No solar farm tax credits in new state budget hurt business, towns

FARMVILLE, N.C. (WNCT) – State lawmakers voted not to extend the renewable energy tax credit that helped the state land investments from companies looking to expand. The tax credits expire at the end of the year.

A failed bill put forth to extend that date would have enabled renewable energy companies to receive up to 35 percent of their total investment back over a five year span. It also capped the amount a business could receive at $2.5 million, and an industrial park at $5 million.

Brian O’Hara with Strata Solar said this would hurt business.

“That tax credit is going to impact us, and we’re going to see fewer investments in projects in North Carolina that we would have seen without the tax credit, and we’ll probably see investments go to other states,” O’Hara said.

Strata Solar operates around 100 solar farms in the state. One of their new projects covers 40 acres in Farmville. O’Hara said the lost tax credits could cost them millions at that project alone.

“Probably in the neighborhood of $8 to $10 million total cost, so you’re looking at a tax credit of $2.5 to $3.5 million,” he said.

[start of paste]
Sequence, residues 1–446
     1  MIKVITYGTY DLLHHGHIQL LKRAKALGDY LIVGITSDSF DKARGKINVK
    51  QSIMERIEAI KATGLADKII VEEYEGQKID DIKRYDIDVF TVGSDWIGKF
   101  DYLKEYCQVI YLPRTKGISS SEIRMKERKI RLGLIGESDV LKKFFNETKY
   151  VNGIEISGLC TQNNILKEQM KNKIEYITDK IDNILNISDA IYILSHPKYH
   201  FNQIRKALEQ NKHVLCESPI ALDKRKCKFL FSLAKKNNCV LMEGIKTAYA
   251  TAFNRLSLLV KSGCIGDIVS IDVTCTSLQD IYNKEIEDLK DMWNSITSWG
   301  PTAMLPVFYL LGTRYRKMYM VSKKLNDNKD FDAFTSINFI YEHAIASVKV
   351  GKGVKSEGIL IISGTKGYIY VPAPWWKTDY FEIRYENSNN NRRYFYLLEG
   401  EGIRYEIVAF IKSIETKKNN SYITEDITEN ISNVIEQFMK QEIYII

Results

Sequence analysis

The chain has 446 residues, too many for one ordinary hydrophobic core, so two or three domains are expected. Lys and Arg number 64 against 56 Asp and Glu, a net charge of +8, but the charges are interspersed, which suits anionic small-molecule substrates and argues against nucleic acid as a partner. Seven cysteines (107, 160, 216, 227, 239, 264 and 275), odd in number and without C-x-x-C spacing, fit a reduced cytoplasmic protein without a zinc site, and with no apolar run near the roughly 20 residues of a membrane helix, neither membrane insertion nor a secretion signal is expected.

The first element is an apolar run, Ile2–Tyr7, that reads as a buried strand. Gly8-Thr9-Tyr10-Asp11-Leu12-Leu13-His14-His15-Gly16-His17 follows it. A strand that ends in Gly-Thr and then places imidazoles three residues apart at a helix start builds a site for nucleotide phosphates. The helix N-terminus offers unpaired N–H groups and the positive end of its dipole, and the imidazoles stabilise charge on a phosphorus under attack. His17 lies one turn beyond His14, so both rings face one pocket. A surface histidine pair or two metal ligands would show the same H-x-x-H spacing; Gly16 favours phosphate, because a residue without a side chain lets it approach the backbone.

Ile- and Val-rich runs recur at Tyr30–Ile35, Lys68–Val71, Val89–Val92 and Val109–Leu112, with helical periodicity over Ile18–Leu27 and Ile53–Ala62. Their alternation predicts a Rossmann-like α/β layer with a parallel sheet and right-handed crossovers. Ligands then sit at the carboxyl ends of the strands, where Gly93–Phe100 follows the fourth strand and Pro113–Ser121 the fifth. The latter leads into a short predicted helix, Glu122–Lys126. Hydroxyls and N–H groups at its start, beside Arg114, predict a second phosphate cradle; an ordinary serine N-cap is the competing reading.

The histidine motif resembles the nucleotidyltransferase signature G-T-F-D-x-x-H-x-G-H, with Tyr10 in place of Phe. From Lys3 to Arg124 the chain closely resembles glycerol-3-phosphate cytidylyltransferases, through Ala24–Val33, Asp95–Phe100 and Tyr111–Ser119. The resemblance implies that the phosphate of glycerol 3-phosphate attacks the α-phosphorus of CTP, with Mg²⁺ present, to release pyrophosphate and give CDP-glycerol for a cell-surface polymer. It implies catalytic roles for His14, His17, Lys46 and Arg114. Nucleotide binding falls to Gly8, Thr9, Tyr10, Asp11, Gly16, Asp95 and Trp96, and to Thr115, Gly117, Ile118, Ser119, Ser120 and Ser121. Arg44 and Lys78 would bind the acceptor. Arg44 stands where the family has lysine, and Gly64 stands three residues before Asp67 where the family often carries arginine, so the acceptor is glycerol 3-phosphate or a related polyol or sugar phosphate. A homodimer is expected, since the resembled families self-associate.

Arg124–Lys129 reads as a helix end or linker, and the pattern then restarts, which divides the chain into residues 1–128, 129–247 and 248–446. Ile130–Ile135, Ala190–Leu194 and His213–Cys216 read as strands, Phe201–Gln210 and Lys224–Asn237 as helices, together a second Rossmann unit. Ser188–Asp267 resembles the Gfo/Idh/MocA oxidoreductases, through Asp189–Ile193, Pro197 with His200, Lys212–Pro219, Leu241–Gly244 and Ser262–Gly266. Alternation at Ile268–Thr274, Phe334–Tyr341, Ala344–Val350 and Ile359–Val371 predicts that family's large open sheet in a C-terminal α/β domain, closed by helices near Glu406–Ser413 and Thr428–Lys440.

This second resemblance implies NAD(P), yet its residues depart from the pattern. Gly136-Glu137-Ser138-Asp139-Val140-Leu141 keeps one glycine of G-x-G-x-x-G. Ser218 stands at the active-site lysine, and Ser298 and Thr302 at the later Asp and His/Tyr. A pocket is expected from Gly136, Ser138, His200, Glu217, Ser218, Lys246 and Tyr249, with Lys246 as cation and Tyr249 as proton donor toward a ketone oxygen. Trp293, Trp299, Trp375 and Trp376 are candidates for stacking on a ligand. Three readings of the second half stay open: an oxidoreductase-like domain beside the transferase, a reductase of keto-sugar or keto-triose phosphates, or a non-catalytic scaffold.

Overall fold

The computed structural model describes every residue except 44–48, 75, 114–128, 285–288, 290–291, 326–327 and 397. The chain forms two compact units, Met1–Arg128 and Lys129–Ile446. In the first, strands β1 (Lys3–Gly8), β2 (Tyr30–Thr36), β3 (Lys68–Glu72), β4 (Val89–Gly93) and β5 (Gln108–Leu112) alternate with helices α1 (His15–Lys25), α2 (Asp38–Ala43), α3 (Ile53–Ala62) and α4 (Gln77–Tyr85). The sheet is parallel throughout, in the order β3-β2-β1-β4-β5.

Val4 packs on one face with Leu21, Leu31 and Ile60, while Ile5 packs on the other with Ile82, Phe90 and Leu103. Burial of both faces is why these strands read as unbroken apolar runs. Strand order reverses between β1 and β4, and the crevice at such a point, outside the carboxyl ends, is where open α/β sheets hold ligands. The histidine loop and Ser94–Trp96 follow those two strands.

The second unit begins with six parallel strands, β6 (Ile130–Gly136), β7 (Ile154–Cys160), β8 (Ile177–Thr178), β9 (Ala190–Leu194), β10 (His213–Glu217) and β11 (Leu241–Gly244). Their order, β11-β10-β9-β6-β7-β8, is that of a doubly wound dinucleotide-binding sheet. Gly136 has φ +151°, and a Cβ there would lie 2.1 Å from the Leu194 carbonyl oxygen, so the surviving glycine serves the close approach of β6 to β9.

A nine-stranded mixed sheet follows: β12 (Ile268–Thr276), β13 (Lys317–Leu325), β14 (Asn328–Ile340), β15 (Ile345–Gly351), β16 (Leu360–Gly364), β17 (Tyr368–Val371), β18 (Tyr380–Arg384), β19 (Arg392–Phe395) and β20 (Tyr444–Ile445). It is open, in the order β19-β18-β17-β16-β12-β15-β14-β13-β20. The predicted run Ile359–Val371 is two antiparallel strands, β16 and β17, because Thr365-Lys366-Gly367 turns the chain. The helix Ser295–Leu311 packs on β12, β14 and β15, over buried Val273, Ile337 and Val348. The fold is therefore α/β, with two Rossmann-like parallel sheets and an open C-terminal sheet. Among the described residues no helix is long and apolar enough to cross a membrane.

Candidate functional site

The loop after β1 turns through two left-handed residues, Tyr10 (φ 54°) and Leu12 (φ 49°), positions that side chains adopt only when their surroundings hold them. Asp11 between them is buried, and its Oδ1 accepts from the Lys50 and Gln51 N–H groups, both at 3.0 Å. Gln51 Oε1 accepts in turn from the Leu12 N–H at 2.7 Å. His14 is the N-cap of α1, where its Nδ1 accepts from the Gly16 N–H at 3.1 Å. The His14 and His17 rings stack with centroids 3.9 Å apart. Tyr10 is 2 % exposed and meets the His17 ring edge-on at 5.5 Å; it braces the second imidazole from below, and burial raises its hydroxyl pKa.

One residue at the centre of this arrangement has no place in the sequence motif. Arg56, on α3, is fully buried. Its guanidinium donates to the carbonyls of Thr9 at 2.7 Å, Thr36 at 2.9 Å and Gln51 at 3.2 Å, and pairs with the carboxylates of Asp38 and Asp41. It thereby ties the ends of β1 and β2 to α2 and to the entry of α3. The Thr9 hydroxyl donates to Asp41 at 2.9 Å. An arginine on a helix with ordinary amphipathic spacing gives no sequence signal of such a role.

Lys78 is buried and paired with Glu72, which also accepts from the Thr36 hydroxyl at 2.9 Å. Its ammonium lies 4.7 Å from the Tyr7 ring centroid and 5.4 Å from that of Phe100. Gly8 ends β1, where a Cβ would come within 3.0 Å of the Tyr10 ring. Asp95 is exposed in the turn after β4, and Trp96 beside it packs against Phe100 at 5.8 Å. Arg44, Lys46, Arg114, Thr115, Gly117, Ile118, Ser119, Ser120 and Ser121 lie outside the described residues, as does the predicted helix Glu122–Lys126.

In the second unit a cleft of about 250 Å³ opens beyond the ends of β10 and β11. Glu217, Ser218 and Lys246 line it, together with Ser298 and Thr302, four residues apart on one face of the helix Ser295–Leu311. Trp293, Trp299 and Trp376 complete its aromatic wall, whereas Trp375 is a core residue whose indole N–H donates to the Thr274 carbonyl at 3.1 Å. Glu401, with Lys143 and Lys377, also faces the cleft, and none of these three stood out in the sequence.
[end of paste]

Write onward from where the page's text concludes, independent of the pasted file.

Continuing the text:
Farmville Mayor Etsil Mason said she believes the decision to cut the tax credits was short sighted. She said it was yet another way lawmakers have hurt businesses and towns.

“They have really restricted the way any community can raise money in order to provide services for its citizens,” Mason said.

O’Hara said renewable energy isn’t going anywhere, and will be profitable for states who get the policy portion right. O’Hara said a study done by RTI International found that for ever $1 claimed in tax credits, $1.54 were created in local and state taxes.

Both O’Hara and Mason said they hoped lawmakers were re-evaluate the situation and restore the tax credits.

Renewable energy projects that are 80 percent complete by the end of the year will still be eligible for the tax credits.

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